• Bagelman is coming to St James’s Street! It will be open every day, 9am to 4pm Monday to Saturday and 10am to 4pm on Sunday. All the bagels are handmade and vegan, baked fresh daily at Bagelman's Bond Street bakery. We love Bagelman, and are very excited to see the company expanding again after the closure of their train station store.
  • A structural survey of Madeira Lift has revealed it needs to be shut for the rest of the year, The Seagull has learnt. According to the council's Seafront Development manager, this is because the steel ring beam supporting the brick lift shaft and the top timber porch is extremely corroded and needs replacing, and the timber structure is at risk of collapsing.
  • Just one month after being installed, all of the new 120 cycle hangar spaces have been allocated to people across the city. In the next few weeks another 40 will be installed. Locations will be advertised through a Traffic Regulation Order (TRO) before the hangars are confirmed for installation. Anyone can apply for a space in a cycle hangar as long as you live close to a hangar and there is availability. Each space costs £60 per year, £39 for six months or £24 for three months. Residents who wish to apply for a space should email [email protected] or call them on 01538 380080, specifying which hangar they would like a space in. They will then be contacted about the next steps. If there are no spaces available, residents will be placed on a waiting list and informed when one becomes available.
  • Brighton & Hove Citizen's Advice, Brighton & Hove Food Partnership and the council are still working together on the Brighton & Hove Cost of Living Crisis Appeal. With the energy price cap rising even further this October, several households have said they neither want nor need the £150 council tax rebate designed to help with rising energy costs and so are being encouraged to donate it to the appeal. Since May it has raised more than £36,000 and is directly supporting the most vulnerable households in the city with fuel and food vouchers. No salaries or overhead costs will be paid for from this fund, so all donations will be used for those who need them. To donate to the appeal, click here.
If you have a story for Seagull, please get in touch with our editor at [email protected].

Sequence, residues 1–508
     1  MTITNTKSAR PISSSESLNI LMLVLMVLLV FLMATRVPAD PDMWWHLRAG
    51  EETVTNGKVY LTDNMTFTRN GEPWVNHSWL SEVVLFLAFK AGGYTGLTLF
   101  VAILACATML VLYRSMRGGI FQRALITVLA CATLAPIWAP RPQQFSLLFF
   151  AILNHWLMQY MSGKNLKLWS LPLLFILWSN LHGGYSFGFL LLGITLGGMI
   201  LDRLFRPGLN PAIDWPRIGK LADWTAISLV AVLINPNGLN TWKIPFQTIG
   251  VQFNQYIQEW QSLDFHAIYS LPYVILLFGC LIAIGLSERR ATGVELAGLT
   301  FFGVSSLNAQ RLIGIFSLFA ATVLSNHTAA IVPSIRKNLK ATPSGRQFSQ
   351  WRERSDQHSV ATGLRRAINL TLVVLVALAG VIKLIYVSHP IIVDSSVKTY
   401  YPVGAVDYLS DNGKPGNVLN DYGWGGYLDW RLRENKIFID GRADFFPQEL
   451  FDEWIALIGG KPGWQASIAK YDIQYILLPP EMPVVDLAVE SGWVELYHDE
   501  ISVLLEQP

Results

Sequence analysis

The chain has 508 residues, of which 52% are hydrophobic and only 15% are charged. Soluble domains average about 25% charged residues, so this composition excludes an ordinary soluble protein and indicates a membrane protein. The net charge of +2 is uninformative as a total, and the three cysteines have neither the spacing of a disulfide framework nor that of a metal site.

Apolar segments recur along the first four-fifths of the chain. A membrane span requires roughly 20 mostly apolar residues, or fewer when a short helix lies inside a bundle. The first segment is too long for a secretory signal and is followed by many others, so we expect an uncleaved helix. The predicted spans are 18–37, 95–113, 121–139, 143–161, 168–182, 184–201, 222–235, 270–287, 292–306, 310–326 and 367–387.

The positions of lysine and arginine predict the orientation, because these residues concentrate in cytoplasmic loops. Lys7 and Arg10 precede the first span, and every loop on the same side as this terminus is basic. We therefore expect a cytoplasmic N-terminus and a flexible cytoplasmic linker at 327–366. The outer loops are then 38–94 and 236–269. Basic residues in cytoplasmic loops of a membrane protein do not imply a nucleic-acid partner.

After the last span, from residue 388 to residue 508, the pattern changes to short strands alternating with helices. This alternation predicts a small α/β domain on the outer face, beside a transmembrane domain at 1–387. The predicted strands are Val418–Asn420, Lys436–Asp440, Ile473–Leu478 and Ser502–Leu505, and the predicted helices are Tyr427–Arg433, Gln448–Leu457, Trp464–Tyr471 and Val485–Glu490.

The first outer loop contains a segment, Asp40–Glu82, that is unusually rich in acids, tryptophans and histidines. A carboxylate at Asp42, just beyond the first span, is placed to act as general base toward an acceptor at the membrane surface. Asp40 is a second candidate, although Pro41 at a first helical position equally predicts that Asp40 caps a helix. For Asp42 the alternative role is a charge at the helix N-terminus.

The Big One

Suicides in BN2 more than double in the last five years

A map of the BN2 postcode
Source: Daniel Harris

What's happening? An FOI request has revealed the rate of suicides in BN2 has more than doubled in five years.

I've got no jokes to make about that. Yeah, good. Daniel Harris, a housing activist and homelessness advocate, asked Sussex Ambulance Trust: From 2016-present, each year separate for scrutiny, a full list of reasons why an ambulance was dispatched and when to anyone in the BN2 postcode.'

What's the data? The data revealed than in the last six years, ambulances have been called for 875 suicides in the BN2 area. This does not include incidents including attempted hangings, or suicidal ideations.

Any analysis? In 2016, there were fewer than 10 ambulance calls for suicides. This increased nearly sevenfold in 2017 to 68 calls for suicides. The numbers continued to increased year on year up to a peak of 185 calls in 2019.

The data show a decrease from then, down by 17 to 168 calls in 2020 and 162 in 2021. However, so far in 2022 there have been 160 calls for suicides.

Assuming calls are evenly spread through the year, 2021 had 162 calls total, therefore would have had 13.5 calls for suicide a month. 2022 has had 160 calls so far, working out as 20 calls for suicide a month. If the calls continue at this rate, there could end up being a total 240 calls for suicide by the end of this year.

Where can I read more? To read the full FOI request response from South East Coast Ambulance Service, click here.

What can I do to help? Look out for those in need of help, and donate where you can to help people with the rising cost of living, something that will inevitably affect people's mental health even more in the coming months.

The Brighton Seagull would like to encourage any readers struggling with their mental health to reach out for help. Samaritans are available 24 hours a day, 365 days a year, on their website or on 116 123 for free.

That's all for this week—please subscribe, and forward to friends who might be interested!